Film Review: Entourage

entourage-movie

Jeremy Piven portrayal as onetime agent Ari Gold single-handedly saves the film

Fans of TV series Entourage have waited four years for the return of the hit comedy-drama. After a phenomenal eight-year run on the HBO Network, the loosely-biographical show, produced by Mark Wahlberg, returns to our screens, this time in film format.

For those who have never seen the TV series, Entourage is an American comedy-drama created and written by Doug Ellin. It follows the lavish lifestyle of movie star Vincent Chase and his childhood friends from Queens, aka his “entourage”. Produced by Mark Wahlberg, Entourage’s premise is loosely based on Wahlberg’s experiences as an up-and-coming film star and is best known for its fleeting celebrity cameo appearances.

Entourage The Movie takes off from where series finished, reuniting the original characters. The film opens with superstar Vincent Chase (Adrian Grenier) lounging on a huge yacht mourning the dissolution of his nine-day marriage. He’s waiting for his childhood buddies turn up on a speedboat, including his best friend-turned-manager Eric (Kevin Connolly), driver-turned-tequila magnate Turtle (Jerry Ferrara) and has-been older brother Johnny “Drama” Chase (Kevin Dillon).

Vince has convinced his onetime agent Ari Gold (Jeremy Piven) who is now the head of an entire studio, to let him try his hand directing a $100 million dollar movie called Hyde. Vince has gone over budget so Ari has to head to Texas to wheedle more funds out of Larsen McCredle (Billy Bob Thornton) who’s underwriting the studio’s budget. But before he’ll sign a cheque, Larsen dispatches his son Travis (Haley Joel Osment) to LA to check out the rough cut who threatens to ruin the film with his inane notes and editing demands.

Entourage never had strong (or serious) storylines and very little has changed in the film version. Amongst the gaseous mix of booze, weed, cars and women, the main characters are each dealing with their own mini-crisis. As Eric awaits the birth of his first child with ex-girlfriend Sloan (Emmanuelle Chriqui), Vince pursues a relationship with model Emily Ratajkowski. Turtle tries to woo UFC fighter Ronda Rousey while Johnny Drama stresses that his role in Hyde will be cut. The best scenes however belong to Ari (Jeremy Piven) who has to juggle studio politics with the unwelcome Texan collaborator, as well as couples therapy sessions with his long-suffering wife (Perrey Reeves).

Aside from the loose storyline, the film’s biggest stumbling block is that it struggles to fill the big screen. Writer-director Doug Ellin has essentially created an extended TV episode, stuffing in twice as many models and celebrity cameos (42 to be precise) from Armie Hammer to Warren Buffett. That aside, the returning cast members are clearly having fun.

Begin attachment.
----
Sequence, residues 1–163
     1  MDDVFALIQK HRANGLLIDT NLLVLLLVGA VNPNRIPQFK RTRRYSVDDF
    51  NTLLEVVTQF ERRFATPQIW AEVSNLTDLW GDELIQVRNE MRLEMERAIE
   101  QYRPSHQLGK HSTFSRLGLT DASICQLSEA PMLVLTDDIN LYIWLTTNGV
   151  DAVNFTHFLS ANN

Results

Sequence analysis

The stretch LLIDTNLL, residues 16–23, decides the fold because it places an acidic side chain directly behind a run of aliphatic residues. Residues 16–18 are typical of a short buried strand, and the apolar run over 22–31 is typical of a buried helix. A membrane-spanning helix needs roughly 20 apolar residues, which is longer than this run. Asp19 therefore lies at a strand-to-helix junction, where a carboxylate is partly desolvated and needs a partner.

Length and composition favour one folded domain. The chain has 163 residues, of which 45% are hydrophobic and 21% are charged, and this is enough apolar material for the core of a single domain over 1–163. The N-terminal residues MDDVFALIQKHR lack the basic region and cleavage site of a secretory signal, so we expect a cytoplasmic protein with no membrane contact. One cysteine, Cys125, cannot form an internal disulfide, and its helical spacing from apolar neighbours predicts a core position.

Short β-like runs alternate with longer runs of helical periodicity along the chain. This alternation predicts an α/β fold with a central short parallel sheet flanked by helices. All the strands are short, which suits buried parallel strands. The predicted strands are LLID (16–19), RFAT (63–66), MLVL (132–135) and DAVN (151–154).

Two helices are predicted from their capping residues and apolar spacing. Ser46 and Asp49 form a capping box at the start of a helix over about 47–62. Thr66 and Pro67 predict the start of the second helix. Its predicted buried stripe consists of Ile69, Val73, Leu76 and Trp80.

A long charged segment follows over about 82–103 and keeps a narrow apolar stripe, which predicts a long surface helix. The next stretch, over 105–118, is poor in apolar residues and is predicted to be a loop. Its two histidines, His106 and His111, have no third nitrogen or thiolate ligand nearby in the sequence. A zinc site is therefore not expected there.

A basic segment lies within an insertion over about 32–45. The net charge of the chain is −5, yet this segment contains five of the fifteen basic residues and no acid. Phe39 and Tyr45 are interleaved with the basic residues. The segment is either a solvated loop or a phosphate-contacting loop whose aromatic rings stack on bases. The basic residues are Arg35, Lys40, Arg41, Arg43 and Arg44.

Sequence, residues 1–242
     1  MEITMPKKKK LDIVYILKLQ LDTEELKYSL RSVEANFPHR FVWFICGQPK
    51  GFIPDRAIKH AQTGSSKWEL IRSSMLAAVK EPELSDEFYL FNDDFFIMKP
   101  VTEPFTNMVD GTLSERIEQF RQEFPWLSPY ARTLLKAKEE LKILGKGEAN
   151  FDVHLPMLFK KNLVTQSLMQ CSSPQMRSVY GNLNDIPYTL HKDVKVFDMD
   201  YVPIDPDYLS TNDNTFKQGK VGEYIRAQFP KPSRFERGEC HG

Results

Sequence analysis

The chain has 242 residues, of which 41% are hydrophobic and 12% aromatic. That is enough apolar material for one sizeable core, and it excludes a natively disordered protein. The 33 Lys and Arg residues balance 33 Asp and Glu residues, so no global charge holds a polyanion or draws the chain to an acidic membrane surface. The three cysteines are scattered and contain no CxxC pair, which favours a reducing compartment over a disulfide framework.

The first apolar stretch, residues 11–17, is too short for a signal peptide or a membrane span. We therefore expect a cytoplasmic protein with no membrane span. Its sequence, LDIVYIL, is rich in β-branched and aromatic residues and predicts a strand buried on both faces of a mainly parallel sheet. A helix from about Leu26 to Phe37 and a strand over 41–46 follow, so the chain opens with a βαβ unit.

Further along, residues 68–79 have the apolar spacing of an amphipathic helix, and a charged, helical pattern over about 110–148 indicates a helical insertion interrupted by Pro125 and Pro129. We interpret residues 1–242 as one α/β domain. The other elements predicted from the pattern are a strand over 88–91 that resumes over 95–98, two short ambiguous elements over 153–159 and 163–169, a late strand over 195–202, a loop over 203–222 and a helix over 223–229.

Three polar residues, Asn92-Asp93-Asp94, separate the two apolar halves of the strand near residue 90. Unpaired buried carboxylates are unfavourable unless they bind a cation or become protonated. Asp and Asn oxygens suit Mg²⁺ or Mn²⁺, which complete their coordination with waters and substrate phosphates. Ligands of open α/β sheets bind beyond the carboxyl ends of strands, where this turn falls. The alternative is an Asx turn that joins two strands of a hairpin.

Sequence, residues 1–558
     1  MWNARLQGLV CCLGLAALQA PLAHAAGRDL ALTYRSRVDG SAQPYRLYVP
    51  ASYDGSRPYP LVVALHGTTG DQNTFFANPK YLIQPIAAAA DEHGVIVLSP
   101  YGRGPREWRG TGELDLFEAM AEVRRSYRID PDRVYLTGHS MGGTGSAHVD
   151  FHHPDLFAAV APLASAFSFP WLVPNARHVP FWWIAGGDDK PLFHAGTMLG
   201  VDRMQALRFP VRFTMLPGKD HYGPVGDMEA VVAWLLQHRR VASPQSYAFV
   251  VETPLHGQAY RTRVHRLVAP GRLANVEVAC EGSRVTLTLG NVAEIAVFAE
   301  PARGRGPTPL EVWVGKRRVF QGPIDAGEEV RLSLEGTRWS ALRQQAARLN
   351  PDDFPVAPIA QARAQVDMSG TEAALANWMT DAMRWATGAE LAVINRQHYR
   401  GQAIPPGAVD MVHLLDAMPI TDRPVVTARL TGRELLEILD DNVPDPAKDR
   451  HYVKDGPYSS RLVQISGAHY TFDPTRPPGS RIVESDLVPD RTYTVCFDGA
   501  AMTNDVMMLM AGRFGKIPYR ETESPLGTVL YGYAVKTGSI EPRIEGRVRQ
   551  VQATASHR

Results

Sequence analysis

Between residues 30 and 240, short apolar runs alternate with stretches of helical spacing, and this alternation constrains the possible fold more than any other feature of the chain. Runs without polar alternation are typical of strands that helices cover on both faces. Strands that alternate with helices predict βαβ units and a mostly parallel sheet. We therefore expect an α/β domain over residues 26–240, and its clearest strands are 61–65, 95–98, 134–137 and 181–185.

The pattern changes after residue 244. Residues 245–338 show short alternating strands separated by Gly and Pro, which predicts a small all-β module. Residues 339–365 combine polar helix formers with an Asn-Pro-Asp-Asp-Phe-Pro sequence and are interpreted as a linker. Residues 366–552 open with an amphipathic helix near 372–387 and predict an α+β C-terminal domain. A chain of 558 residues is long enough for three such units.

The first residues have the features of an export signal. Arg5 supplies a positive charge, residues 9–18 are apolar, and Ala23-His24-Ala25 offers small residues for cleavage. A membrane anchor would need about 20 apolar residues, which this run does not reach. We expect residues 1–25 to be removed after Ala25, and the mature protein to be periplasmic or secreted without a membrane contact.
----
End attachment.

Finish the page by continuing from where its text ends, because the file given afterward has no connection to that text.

Adrian Grenier plays a strong role as charismatic Vincent Chase even if his lines are few and far between so therefore spends most of the movie looking pretty. Kevin Connolly returns as Eric, Vince’s best friend-turned-manager as does Jerry Ferrara as Turtle who’s dramatic weight loss is the butt of many jokes. Executive producer Mark Wahlberg manages to plug both the Ted sequel and his reality show “Wahlburgers” in his minute-long cameo. But its Jeremy Piven’s portrayal of smarmy Ari who single-handedly saves the film. Piven displays some thoroughly sharp comic timing which make his scenes particularly funny. The scene where he punches a picture of a cat in his therapist’s office is particularly hilarious and the film is worth a watch even if it’s just to see Piven in action.

Entourage was released in the US on 3 June and has received mixed reviews from critics. Benjamin Lee from The Guardian called it “a solidly entertaining summer comedy” while Sheri Linden from Hollywood Reporter said the “movie plays like a compressed Season 9 – a season that has its moments but wouldn’t rank among the show’s finest”.

All in all, Entourage isn’t going to change the world but it was never meant to. If you don’t take it too seriously, the film is pretty enjoyable and is a nice reunion of the characters for the fans.

3 Stars (3 / 5)

Entourage is officially released in UK cinemas on 19 June.

Entourage – Official Main Trailer

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About Donna

Donna is the Editor of Frankly, My Dear UK. By day, she is a digital marketing whizz, by night she reviews film, theatre and music for a wide range of publications including WhatsonStage, The Public Reviews and ScreenRelish. Loves Shakespeare, prosecco and Formula 1